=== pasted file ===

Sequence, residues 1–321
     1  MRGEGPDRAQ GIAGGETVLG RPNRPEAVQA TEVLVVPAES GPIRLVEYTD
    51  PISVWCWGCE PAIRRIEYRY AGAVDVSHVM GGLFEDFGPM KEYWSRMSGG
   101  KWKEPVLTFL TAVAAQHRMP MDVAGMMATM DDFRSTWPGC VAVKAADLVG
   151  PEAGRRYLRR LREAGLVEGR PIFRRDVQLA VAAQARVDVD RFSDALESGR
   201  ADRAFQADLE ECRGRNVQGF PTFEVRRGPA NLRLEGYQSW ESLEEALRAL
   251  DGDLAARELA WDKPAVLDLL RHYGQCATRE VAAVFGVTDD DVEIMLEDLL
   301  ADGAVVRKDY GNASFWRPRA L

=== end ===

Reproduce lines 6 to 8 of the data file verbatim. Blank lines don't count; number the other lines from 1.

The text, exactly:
   201  ADRAFQADLE ECRGRNVQGF PTFEVRRGPA NLRLEGYQSW ESLEEALRAL
   251  DGDLAARELA WDKPAVLDLL RHYGQCATRE VAAVFGVTDD DVEIMLEDLL
   301  ADGAVVRKDY GNASFWRPRA L